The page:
“I am the good shepherd, and I know mine and mine know me…”. John 10:14

Not many of us have ever owned sheep let alone taken care of sheep—but I have.  At one point during my mission days in Peru, I was asked to serve as director of a seminary.  As was the custom, when a seminarian arrived to begin his studies, the families would each give a sheep as a gift.  Before long, our grounds had become something more than a petting zoo!  This city boy had to learn on the fly how to care for his flock.

One day I needed to corral the sheep but they just would not respond.  The more I tried to move them together, the more they scattered in all directions.  “They’re not very smart,” I thought.  Seeing my frustration, a wonderful woman who worked in our kitchen and usually took care of the sheep, came out to rescue me.  With a deft call to attention, she brought all the sheep back in what seemed like seconds, including the ones who had jumped the wall and were in danger of getting lost.

I think our relationship with God needs to be like that—responding to the voice we know and the presence we trust.  This is what helps us move where we need to go, and to serve where we are being called.  Otherwise, sheep scatter and become lost.  Without the Gospel and the promise of the Resurrection, we lose our connection to home.

Friend, I think Jesus became the Good Shepherd because sheep need a lot of guidance and a gentle hand.  The more we read scripture, celebrate the Sacraments, and strive to witness God’s love, the stronger we become in our faith.  And the more we recognize God’s voice of encouragement.  We know without a doubt who is calling us home to the safety of greener pastures.  It’s the Good Shepherd, the gatherer of souls who says “I know mine, and mine know me…”   difficult moments.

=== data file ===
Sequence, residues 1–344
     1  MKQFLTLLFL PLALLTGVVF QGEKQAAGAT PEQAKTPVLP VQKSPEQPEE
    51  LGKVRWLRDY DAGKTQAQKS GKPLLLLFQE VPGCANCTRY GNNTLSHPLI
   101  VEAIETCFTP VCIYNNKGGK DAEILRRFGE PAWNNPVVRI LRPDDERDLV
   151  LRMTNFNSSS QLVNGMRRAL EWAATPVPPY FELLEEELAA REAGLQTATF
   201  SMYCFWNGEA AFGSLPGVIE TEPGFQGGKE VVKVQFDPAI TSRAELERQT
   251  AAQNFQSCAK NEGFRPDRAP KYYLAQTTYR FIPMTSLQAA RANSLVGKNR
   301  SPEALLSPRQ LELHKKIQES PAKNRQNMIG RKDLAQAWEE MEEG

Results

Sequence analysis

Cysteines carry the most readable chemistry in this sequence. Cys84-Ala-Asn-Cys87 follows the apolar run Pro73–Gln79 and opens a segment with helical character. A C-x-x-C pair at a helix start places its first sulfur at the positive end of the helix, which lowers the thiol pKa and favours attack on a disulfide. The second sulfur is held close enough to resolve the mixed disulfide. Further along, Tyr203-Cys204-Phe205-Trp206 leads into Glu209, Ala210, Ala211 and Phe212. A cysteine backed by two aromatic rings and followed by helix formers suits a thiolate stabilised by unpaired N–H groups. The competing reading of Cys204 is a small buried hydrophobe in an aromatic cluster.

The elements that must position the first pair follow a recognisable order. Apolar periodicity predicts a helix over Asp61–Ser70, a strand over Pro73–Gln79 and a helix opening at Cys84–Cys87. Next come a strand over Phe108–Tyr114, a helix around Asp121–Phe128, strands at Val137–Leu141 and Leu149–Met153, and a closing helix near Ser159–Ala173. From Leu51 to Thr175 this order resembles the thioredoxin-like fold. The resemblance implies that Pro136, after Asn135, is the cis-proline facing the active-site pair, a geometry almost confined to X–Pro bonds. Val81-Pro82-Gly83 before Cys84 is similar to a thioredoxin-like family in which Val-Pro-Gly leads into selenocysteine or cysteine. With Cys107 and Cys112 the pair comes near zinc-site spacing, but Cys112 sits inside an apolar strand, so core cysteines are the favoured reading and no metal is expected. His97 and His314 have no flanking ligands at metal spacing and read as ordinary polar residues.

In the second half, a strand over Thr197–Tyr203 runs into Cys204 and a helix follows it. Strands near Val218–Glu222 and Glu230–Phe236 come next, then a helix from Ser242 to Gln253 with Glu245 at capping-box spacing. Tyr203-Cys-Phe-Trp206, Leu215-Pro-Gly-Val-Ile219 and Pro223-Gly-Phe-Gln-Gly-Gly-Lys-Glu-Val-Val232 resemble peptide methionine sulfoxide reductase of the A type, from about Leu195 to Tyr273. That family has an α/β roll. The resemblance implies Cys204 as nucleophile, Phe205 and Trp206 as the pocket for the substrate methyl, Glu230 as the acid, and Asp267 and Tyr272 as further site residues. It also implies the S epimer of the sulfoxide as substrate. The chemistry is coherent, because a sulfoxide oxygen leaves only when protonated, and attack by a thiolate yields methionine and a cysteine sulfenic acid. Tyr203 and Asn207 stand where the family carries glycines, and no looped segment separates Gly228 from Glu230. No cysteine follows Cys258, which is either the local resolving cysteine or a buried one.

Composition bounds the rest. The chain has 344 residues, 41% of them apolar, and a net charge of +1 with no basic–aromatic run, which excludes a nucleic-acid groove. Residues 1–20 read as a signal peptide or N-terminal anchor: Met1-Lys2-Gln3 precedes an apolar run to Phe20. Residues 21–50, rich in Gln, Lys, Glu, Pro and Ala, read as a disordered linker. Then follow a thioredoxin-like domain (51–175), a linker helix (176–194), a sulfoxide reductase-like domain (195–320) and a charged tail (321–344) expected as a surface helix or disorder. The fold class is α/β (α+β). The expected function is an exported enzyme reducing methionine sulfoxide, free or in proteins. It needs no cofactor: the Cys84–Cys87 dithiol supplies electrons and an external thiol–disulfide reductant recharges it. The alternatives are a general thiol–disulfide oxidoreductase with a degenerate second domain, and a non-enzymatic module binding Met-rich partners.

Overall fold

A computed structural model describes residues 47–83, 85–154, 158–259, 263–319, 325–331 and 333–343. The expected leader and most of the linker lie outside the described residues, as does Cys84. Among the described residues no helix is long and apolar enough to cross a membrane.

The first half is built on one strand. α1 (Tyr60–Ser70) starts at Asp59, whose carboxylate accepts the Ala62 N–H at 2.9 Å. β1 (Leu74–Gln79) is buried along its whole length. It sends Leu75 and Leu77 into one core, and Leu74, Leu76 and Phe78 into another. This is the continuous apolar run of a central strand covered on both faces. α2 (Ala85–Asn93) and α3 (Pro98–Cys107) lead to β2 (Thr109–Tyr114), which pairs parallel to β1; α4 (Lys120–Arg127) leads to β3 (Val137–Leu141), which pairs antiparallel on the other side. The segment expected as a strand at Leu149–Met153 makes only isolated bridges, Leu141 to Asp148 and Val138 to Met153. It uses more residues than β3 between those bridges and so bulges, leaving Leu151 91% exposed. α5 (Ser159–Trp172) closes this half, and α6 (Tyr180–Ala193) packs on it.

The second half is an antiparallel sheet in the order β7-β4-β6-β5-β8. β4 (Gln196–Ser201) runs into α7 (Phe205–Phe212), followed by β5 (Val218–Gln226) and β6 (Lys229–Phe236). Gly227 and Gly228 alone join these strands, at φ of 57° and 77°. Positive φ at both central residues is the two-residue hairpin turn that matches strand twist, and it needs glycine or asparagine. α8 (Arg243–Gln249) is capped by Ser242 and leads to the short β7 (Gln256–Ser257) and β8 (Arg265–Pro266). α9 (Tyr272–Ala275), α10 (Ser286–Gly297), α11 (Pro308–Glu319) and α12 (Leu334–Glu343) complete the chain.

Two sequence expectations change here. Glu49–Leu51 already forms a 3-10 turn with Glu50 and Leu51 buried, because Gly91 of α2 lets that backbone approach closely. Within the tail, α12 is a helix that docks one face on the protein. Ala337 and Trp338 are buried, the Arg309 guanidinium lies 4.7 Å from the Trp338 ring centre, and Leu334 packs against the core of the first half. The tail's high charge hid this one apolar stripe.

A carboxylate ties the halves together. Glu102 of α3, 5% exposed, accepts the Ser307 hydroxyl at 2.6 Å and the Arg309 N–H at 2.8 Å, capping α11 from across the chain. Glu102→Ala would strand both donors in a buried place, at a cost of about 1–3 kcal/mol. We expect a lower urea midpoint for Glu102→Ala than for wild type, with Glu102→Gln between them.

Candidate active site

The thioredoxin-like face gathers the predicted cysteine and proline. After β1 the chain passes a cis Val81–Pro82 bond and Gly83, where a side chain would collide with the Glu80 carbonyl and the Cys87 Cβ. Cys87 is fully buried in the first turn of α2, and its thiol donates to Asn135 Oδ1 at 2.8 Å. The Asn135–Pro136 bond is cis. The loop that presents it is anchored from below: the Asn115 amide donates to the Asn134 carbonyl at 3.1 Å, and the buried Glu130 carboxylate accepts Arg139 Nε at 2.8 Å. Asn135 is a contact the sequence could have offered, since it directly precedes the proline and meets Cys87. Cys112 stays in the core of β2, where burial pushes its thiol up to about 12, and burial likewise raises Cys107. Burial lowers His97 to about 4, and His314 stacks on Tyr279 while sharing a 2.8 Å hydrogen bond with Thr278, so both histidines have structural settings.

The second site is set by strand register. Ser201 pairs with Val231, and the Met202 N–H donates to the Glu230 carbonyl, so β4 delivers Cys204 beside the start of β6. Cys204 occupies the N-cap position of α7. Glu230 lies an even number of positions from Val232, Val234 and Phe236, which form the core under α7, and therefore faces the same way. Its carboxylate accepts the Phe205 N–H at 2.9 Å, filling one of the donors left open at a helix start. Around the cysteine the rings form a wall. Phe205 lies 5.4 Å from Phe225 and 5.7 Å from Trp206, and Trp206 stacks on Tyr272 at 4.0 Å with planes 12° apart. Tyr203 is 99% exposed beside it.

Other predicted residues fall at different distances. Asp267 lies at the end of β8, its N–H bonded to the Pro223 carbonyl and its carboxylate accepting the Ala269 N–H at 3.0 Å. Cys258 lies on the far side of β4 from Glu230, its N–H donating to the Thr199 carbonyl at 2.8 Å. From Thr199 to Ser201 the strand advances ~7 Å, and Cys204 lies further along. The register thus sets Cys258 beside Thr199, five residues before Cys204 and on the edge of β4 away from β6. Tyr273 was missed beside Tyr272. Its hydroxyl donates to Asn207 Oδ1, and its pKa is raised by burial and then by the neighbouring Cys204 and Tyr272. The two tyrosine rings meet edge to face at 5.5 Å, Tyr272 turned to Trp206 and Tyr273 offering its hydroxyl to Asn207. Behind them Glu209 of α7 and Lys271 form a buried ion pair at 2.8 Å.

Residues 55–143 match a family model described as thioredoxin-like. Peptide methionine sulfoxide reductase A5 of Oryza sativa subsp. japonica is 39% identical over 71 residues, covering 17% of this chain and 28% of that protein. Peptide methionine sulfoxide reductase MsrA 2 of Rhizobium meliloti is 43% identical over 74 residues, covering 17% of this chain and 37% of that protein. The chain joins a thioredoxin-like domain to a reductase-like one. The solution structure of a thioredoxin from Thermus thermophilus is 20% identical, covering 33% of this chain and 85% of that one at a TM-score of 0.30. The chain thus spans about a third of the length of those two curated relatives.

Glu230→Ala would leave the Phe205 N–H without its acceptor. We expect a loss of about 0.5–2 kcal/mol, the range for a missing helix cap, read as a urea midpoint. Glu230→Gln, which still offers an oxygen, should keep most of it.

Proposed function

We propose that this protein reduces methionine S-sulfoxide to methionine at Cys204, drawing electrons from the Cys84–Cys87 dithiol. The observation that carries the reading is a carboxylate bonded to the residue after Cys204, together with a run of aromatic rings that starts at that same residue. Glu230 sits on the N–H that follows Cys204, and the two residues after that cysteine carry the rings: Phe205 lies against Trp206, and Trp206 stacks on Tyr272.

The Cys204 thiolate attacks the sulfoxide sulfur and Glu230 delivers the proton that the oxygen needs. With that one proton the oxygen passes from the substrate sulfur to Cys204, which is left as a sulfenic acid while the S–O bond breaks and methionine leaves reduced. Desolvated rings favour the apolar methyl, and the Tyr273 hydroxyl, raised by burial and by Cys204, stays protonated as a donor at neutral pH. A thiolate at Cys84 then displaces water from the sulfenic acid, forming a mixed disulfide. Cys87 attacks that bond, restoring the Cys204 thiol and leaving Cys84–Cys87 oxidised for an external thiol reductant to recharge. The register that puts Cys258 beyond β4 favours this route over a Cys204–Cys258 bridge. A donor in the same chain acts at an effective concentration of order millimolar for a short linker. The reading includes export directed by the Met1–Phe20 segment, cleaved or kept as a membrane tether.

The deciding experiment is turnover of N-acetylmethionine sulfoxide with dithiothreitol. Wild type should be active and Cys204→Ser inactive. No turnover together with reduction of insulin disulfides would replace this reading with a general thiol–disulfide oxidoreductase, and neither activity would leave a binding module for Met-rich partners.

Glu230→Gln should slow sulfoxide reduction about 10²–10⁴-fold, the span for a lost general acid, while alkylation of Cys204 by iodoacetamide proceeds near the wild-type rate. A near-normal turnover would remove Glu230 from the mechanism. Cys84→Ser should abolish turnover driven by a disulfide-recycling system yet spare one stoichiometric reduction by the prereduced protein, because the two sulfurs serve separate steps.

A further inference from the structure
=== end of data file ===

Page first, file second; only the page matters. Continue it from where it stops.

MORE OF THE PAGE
Friend, the words of today’s Gospel are a comfort and a consolation.  Receive the gift of our Risen Christ knowing that you are never alone, never without the strength you need to love and serve the Lord… just like the disciples who found Christ on the road to Emmaus.

Sincerely yours in Christ,

Father Raymond J. Finch, M.M.

Fourth Sunday of Easter

Good Shepherd

When I was lost and couldn’t find my way,

You came looking for me, Good Shepherd,

to gently lead me home again.

Protect the flock given You by the Father,

lead us to rest in green pastures and guide

us along the right paths.

You who are shepherd and Lamb of God,

grant that we might never follow

any voice but Yours. Call us by

name and soothe our hearts

when we panic or are confused.

Grant us blessed assurance that

we need not fear nor face dangers alone.

Lord, you told us there are other sheep

not of this fold that You must also lead.

Help us recognize our brothers and sisters

no matter what flock they may belong to

till at length there will be one flock and one shepherd,

You, Lord Jesus Christ.


Prayer by Maryknoll Missioner, Father Joseph Veneroso


We are a Catholic Society of priests and brothers based in the United States. We are dedicated to missionary work overseas in over 20 countries. Additionally, we animate Catholics in the United States to follow their own baptismal call to share God’s compassion and love with the poor, the sick, and all those in need.


L-R Tom O'Brien, Ray Finch, Joe Everson, Russ Feldmeier

(Fr. Lance P. Nadeau, Fr. James M. Lynch, Fr. Timothy O. Kilkelly, Fr. Juan Montes Zúñiga)

The Maryknoll Fathers and Brothers is overseen by our General Council, led by Superior General Rev. Lance P. Nadeau, M.M.


L-R Tom O'Brien, Ray Finch, Joe Everson, Russ Feldmeier

(Our Co-Founders Father Price and Father Walsh)





(Africa) Education and Formation of African Clergy

The Maryknoll Fathers and Brothers Africa Region will provide tuition assistance to African clergy, male and female religious at institutes of higher education or specialized training. Read More

Stories of Our Global Mission

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The life of a Maryknoll missioner is challenging, fulfilling, and deeply rewarding. Follow your baptismal call to mission by sharing God’s compassion with the poor, the sick, and people most in need.

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